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Authors: Lois Ruby

Pig-Out Inn

BOOK: Pig-Out Inn
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Pig-Out Inn

Lois Ruby

For Benjamin, Aviva and Kalervo

ONE

Of course, Pig-Out Inn wasn't what it said on the neon sign out front. Klondike Cafe and Cottages was the name. Momma looked up the whole case history of this place before we made our down payment. She went down to the Spinner Town Hall, where no one had looked up anything in probably twenty years, and the town clerk was just thrilled. She gave Momma a pile of yellowed papers. We found out that the buildings went up the summer of '54, when it never fell below 100° for twenty-nine consecutive days. So the Klondike name must have been a joke of the carpenters.

The first time I walked into the diner and saw the flouncy pink curtains and the overstuffed, lopsided hot pink booths, I thought it looked like a place where the Three Little Pigs would have supper. I was hooked. I picked up a gummy, dog-eared menu, scratched out K
LONDIKE
, and wrote in its place P
IG
-O
UT
I
NN
. I happen to be a world class pig lover. I've got stuffed, glass, wooden, pewter, plastic, and paper pigs of all persuasions. I even have a hand-knitted pig, and a purple one that's big enough for a nursery school kid to ride.

As soon as we moved into the Pig-Out Inn I started decorating the shelves and walls and booths with my personal collection. On every wall there was a poster of a pair of pigs caressing each other's snouts, or pigs rolling in the mud, or pigs holding cloven hoofs and dancing with big pink bows on their curlicues. Johnny, our cook, said it was all disgusting, but there was no question, when the customers started coming in, that this was pig country, and that they were lunching at the Pig-Out Inn.

That's what we called it, from the first day on, in our restaurant family. The family includes my mother, my father (who services computer hardware), and Johnny (who isn't a relative, but is the one professional, since he once took a course in hotel and restaurant management at Butler County Community College). And me.

I am Dovi Chandler, age fourteen. If Dovi seems like an odd name, it's an improvement over what my mother first had in mind: Dove-of-Peace Chandler. My parents are half-baked Quakers (officially called Friends), but even for Quakers, my father said, Dove-of-Peace was carrying things too far. He thought Dovi would be quite enough to make the statement.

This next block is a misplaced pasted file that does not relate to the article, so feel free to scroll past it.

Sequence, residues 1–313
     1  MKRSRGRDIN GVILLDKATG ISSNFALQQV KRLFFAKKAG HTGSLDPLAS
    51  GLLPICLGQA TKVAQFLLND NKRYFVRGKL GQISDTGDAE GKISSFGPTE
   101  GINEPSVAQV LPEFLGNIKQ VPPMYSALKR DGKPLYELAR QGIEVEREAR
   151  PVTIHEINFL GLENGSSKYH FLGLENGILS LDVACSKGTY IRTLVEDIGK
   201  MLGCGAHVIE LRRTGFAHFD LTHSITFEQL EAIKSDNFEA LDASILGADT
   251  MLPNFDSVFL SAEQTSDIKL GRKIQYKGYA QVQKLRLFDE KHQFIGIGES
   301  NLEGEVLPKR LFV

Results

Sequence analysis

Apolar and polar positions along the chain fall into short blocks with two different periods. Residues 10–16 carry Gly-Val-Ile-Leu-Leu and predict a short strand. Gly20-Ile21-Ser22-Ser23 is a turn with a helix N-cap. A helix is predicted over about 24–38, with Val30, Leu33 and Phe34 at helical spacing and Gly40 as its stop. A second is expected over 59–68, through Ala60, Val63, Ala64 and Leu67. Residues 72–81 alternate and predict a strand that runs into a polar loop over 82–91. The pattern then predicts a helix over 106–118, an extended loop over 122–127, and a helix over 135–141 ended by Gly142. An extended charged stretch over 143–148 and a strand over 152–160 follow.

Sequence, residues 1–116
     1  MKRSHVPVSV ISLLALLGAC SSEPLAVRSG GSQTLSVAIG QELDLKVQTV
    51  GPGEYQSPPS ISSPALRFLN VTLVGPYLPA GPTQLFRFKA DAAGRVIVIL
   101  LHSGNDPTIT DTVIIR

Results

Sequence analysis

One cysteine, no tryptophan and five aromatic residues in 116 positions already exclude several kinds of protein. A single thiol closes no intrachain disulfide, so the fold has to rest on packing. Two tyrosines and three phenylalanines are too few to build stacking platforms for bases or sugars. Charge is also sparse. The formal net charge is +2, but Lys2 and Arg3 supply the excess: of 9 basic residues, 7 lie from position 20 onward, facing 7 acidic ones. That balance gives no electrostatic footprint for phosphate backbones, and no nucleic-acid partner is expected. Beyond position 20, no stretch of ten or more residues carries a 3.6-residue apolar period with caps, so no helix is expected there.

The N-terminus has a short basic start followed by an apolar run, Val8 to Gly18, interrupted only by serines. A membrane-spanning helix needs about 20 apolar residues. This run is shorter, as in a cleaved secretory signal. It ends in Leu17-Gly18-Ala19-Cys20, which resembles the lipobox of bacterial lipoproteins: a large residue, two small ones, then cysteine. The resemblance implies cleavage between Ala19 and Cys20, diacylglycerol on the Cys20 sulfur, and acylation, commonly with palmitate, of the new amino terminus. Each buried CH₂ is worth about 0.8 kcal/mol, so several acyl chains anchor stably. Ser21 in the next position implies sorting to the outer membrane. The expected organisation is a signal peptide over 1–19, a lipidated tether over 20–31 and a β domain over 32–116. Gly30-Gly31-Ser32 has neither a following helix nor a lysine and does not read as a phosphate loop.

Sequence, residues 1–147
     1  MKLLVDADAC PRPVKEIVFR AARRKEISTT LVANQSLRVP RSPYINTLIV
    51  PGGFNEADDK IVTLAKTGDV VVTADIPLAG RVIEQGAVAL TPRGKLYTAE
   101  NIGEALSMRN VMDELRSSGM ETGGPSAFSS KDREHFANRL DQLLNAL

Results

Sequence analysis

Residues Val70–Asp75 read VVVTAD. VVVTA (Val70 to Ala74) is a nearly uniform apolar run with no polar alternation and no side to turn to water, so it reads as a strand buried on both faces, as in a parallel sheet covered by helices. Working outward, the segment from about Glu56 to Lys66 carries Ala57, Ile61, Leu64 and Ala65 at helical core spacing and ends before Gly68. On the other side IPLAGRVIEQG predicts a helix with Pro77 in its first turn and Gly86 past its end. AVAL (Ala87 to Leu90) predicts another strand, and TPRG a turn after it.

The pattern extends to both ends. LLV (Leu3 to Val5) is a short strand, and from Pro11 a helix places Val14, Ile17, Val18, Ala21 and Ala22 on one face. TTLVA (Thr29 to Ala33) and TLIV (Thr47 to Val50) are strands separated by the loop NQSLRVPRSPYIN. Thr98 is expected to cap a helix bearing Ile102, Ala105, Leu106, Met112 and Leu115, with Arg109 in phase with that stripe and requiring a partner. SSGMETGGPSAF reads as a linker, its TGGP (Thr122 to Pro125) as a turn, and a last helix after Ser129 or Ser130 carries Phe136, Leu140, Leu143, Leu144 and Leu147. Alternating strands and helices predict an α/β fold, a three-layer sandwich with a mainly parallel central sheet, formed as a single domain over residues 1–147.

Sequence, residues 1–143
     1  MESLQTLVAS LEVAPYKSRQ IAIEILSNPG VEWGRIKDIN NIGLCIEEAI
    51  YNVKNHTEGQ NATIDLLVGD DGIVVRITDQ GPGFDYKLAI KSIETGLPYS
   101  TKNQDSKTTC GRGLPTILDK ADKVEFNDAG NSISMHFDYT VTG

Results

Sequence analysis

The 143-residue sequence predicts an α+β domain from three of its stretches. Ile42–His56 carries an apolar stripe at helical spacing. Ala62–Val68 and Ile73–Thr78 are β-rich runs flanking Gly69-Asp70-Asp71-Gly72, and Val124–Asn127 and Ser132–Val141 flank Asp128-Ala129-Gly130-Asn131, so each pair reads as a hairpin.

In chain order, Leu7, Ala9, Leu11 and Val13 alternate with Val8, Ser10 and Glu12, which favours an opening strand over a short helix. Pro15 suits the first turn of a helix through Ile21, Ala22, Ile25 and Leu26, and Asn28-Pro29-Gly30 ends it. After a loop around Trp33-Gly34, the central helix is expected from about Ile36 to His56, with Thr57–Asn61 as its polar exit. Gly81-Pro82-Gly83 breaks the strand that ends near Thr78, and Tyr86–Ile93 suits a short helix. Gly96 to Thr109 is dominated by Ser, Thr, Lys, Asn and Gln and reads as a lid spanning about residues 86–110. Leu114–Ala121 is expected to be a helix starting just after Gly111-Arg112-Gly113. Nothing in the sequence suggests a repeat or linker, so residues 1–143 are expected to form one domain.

The name confused my teachers. My first-grade teacher in Kansas City insisted on pronouncing it Dough-Vee. By third grade, in Salina, I was called Duv. I had a teacher in Dallas who insisted on the European pronunciation, Duh-
vee
, which she invented. By the time I hit eighth grade in Wichita I insisted on the original, but it's a stupid name and I'll probably change it if I ever move to New York.
Dominique
. How does that sound?

We move around a lot. We're restless people. My parents met at Friends University in Wichita and were married before they got their bachelor's degrees. I wasn't too alert yet, but I heard we managed an apartment house near the campus, in exchange for free rent. But my mother kept forgetting to collect the rent from the tenants, and my father didn't know much about plumbing (who does?), so he went to work for NCR, National Cash Register, learning computer hardware.

Then my mother heard she could get a Tupperware distributorship in Kansas City, and she'd supervise a whole flock of eager saleswomen. She learned to burp Tupperware to get all the air out of the lettuce crisper and so forth, but she never learned to love Tupperware. Then she got wind of a venture in Salina, a bookstore that was going broke. It came with a cozy building—an old house with a fireplace—and a complete inventory of books. All it needed (the owners said) was fresh capital and some sound management.

Well, we didn't know much about capital, except what we could borrow, or management either, but my mother sure knew books, and we all read a lot, so we loaded everything we owned into the station wagon and drove to Salina. We lived above the bookstore. The only problem was, I don't think anyone in Salina read, or at least read things that didn't come in paperback from the grocery store, and we ended up having to sell the station wagon along with the bookstore.

Dad has a great talent for computer hardware, and he can always find a job. So the next stop was Dallas, where Dad went to work for IBM, and Momma learned to make beeswax candles in a little shop next to Neiman-Marcus, which is a very fancy department store. Momma liked the beeswax, but she couldn't tolerate the customers from Neiman's, and she wasn't sure that beeswax did much for the human condition anyway, so at the end of the school year we went back to Wichita and NCR.

I was thirteen, not quite obese, but far from scrawny. Tacos and fries were my downfall. Momma and I ate out a lot while my father was on the road fixing computers. We were in a mom-and-pop restaurant on Twenty-first Street in Wichita, slicing through a bowl of heavy-duty chili, when my mother said, “You know, Dovi, it wouldn't take much to run a place like this.”